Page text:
Tokyo Daijingu is a place where singles pray for love and couples for successful relationships. Tomek spotted a heart. Kawaii.
I always love to check out the Ema – which is a wooden wishing tablet. You can buy an Ema at the temple and then write your wish on the back. You then hang it up at the temple with all the other Ema.
Some wishes are very long, some people even draw pictures.
I really liked that fat cat Ema. At least, I think it is a cat – cats, maneki neko figures are commonly used as good luck tokens.
The selection of goshuin books. The price is 800 yen for the seal book and 300 yen for the seal. Saori and I picked the butterfly cover.
Our new seal book! At the counter behind me you can also buy a fortune (おみくじ).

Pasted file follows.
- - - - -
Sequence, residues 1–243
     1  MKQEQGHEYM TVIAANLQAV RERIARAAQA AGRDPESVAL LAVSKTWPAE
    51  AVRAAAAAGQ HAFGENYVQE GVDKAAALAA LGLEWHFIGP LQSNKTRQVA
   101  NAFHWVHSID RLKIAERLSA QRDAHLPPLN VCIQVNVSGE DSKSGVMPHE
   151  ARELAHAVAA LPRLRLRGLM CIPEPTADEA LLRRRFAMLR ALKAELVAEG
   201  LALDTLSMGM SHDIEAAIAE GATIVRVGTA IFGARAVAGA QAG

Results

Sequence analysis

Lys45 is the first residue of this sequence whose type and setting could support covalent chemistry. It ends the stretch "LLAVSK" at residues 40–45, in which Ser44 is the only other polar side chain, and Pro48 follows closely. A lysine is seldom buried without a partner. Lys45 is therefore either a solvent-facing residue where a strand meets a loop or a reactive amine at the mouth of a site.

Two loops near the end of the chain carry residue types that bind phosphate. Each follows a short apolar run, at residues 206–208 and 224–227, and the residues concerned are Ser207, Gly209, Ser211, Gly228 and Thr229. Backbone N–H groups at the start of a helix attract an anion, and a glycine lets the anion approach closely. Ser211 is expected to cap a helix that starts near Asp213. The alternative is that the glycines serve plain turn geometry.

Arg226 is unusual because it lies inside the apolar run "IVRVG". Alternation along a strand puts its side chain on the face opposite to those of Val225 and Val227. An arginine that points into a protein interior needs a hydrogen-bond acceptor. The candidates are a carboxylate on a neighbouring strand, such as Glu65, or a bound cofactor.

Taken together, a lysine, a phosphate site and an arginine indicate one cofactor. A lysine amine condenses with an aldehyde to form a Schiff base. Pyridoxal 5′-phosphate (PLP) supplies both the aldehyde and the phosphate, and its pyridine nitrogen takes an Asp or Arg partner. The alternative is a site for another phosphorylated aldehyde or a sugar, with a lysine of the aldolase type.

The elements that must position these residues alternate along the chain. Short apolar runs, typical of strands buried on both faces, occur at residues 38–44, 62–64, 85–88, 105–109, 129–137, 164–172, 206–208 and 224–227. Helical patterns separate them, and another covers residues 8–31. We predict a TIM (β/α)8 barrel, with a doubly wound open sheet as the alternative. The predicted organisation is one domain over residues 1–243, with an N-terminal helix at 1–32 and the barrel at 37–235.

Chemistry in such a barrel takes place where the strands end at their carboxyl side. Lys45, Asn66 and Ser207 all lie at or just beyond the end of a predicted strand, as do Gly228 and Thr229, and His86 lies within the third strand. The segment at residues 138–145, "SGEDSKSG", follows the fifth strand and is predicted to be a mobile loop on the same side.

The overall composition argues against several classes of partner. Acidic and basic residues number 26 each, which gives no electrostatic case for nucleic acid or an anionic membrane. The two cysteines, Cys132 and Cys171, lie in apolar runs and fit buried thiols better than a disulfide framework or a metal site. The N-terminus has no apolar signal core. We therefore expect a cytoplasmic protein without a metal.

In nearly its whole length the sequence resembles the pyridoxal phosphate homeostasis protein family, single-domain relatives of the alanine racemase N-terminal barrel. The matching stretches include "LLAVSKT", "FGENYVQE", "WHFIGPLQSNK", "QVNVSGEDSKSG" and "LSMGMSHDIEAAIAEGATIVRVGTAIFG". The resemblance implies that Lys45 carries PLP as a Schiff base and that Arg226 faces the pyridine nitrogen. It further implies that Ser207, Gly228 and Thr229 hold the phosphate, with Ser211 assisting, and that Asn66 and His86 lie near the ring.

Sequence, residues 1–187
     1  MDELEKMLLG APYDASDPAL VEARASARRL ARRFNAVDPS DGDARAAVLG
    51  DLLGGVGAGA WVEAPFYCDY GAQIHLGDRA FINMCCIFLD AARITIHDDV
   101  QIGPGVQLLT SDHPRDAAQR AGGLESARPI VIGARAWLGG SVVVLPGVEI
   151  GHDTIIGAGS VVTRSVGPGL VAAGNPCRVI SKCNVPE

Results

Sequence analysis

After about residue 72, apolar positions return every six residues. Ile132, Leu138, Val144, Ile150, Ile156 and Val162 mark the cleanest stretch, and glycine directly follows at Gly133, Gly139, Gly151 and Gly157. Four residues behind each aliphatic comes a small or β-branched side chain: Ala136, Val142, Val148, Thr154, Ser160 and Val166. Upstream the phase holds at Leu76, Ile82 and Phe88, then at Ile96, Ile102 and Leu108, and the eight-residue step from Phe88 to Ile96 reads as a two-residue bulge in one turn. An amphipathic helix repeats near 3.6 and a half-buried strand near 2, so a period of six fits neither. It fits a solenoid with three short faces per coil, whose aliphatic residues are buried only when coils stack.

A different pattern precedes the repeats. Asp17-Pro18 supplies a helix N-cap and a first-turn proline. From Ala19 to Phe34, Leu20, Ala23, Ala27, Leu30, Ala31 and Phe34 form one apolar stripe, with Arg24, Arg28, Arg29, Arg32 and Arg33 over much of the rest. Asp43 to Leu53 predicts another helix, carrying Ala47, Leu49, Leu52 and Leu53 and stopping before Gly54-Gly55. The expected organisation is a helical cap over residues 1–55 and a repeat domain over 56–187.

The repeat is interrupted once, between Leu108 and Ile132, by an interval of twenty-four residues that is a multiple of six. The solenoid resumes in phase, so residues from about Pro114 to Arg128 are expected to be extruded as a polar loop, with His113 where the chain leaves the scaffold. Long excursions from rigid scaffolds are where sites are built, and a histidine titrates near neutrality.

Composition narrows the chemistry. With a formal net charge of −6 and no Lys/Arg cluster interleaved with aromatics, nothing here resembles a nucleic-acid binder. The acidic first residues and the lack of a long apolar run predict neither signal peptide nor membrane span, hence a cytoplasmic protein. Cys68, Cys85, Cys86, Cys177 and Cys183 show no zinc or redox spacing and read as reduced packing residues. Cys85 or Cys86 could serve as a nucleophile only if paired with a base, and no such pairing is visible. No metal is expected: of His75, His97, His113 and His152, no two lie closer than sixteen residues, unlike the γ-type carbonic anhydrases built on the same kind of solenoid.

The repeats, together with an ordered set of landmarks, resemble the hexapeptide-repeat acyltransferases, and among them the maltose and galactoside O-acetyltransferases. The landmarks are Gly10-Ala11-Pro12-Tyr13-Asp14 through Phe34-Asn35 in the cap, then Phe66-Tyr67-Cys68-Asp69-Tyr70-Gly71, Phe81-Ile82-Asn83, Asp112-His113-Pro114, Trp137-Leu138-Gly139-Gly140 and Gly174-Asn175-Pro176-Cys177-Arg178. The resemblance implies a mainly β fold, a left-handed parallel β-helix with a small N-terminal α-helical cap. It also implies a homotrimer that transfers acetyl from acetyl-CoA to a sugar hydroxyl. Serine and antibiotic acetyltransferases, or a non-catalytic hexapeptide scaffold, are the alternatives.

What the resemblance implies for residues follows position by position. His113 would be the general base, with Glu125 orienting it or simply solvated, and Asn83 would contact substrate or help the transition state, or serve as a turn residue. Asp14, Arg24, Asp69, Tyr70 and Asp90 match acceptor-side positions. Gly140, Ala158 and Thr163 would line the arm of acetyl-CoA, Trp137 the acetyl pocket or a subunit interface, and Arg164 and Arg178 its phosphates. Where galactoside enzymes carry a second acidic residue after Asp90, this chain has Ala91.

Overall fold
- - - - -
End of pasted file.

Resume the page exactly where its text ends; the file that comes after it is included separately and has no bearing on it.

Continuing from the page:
The book already got the seal inside – with today’s date in Japanese – which looks like a beautiful drawing.
Those wooden boxes have fortune sticks. The coloured writing indicates the topic of interest (like love, travel fortunes etc).
For extra good measure, you can book a personal prayer session.
Or you can approach the altar and do the following: throw in a coin. Bow twice. Clap your hands twice. Make your wish. Bow once again. Done.
Watch the movie to see how to make a wish/prayer. And before that, enjoy some interactive temple fun with us.
There was more fortune telling. We picked kind of a fortune lottery ticket for 200 yen.
We were very lucky and got ‘good fortune‘. Phew. You can also get ‘average fortune’ and in the worst case ‘bad fortune‘.
It said that we should slow down and give building/moving house a good think. Maybe it means we should settle in Japan?
You then fold your fortune up and leave it at the temple.
You should place the fortune on an upper spot, so it is closer to the gods, if you like your fortune.
Saori bought another fortune which was wrapped in this sweet origami girl envelope. The shrine was a bit of a money spinner but in contrast to my home-countries Germany and Poland, Japanese temples finance themselves and are sensibly state independent.